From Across the Field – Keeping Safe and Warm this Winter

It has been a frigid start to 2018 across much of the country, with temperatures hovering around zero here in our corner of the Buckeye State. That being said, it if often a hazardous time for both people and pets once temperatures drop.

Managing the cold weather for our pets can become a challenge. If possible allow them to seek shelter in a barn, garage, or consider bring them into the home if house trained. At the very least we should provide some insulation to them in there pen or box. Straw makes a good winter insulation for multiple species, both pets and farm animals alike. For some animals such as equine friends, blankets will provide some protection from the elements. Perhaps most importantly make sure all animals have access to clean thawed water and feed, in order to remain at or near a positive energy balance. I find with dogs, feeding a feed with a greater percentage of fat helps maintain body condition throughout winter. However as always, consult your veterinarian before making changes to your pet’s diet.

This is a good time to go ahead and replace all of the batteries in your smoke detectors. This is especially important this time of year when we may use supplemental heat. When using supplemental heat, it is important to have a carbon monoxide detector and make sure it is in working order. Unfortunately, in the winter months, we often hear not only about homes catching fire, but people dying from carbon monoxide poisoning. Carbon monoxide is called the “Silent Killer” as it is a tasteless, colorless, and odorless gas. It is produced by motor vehicles; small gas engines found in snow blowers, and generators; home heating systems of every sort and fuel type, whether it be wood or fossil fuels, including natural gas and kerosene.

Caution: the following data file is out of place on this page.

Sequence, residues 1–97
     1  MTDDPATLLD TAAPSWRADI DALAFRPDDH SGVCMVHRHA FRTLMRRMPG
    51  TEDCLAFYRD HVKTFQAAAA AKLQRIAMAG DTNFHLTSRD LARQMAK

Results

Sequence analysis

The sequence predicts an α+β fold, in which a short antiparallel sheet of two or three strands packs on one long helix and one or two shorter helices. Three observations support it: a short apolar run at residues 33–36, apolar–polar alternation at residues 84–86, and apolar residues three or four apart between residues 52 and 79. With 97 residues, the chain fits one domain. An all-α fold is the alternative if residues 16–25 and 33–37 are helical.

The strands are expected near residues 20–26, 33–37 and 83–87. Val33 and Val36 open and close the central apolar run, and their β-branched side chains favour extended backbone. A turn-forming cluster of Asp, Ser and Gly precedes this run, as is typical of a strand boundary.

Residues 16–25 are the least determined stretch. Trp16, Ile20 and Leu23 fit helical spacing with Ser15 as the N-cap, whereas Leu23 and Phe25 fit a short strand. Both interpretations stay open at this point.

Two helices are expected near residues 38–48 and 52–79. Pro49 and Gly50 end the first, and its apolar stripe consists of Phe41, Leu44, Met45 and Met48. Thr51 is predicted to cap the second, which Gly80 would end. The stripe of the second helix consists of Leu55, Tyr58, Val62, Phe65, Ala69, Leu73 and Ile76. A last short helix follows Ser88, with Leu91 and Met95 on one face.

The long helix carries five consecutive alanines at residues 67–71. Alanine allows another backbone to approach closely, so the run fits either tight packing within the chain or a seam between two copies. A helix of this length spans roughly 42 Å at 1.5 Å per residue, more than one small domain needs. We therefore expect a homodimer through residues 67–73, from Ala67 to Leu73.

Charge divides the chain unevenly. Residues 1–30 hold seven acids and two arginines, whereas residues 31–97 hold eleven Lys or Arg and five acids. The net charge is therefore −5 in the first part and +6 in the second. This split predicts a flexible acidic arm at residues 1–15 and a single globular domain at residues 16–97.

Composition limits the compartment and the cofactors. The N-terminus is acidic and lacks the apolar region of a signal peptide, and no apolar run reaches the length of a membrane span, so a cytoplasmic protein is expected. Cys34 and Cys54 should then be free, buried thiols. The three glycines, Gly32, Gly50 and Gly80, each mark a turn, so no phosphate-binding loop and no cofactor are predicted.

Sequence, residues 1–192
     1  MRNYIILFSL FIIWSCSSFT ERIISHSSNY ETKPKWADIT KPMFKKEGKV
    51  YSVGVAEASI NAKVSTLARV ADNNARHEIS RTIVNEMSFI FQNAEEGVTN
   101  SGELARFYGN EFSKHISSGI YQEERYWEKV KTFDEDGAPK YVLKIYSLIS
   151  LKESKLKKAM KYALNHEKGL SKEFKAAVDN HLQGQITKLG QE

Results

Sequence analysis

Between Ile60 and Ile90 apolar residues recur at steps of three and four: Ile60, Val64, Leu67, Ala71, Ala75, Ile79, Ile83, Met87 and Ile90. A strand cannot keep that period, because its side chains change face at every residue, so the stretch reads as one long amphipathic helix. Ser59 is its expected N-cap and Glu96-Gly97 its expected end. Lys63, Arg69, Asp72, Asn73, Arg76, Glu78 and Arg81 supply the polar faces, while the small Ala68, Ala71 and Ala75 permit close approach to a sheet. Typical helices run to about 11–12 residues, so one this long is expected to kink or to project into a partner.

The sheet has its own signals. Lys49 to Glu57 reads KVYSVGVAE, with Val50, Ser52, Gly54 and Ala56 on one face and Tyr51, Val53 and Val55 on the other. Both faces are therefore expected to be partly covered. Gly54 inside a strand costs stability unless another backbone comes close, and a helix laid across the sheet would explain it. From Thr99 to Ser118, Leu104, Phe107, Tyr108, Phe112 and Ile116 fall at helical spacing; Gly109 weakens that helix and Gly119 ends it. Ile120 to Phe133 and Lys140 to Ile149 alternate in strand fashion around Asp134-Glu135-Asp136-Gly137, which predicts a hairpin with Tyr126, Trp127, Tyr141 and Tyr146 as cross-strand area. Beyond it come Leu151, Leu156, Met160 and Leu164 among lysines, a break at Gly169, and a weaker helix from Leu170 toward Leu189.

The threat of carbon monoxide poisoning occurs during cold weather with ventilation being reduced to help retain the warmth from heat sources and heat sources either not being used properly or not being in proper working order. Also, when preheating a vehicle, make sure that your garage door is open to allow the exhaust to escape. The best prevention against carbon monoxide poisoning is the installation of carbon monoxide detectors that sounds an alarm when the gas is present. It is best to install a detector on each level of the home.

Symptoms of carbon monoxide poisoning include headache, dizziness, nausea, vomiting, confusion, and chest pain. These symptoms are similar to those of other ailments, and therefore carbon monoxide poisoning can sometimes be difficult to recognize. However, if multiple individuals in the same home become ill with the same symptoms when heat sources are operating that is a very good indicator of carbon monoxide poisoning. When left untreated, the result can be unconsciousness, coma, or death. If you suspect carbon monoxide poisoning, go outside immediately and call 911! If others are not able to exit the dwelling, open doors and windows to help the gas escape while awaiting assistance from emergency responders. It only takes a few minutes to check or a few dollars to provide protection.

I’ll end this week with a thought from Eleanor Roosevelt who said “You must do the things you think you cannot do.” Have a great week and a happy New Year.

Garth Ruff,
Agriculture and Natural Resources Extension Educator
OSU Henry County Extension

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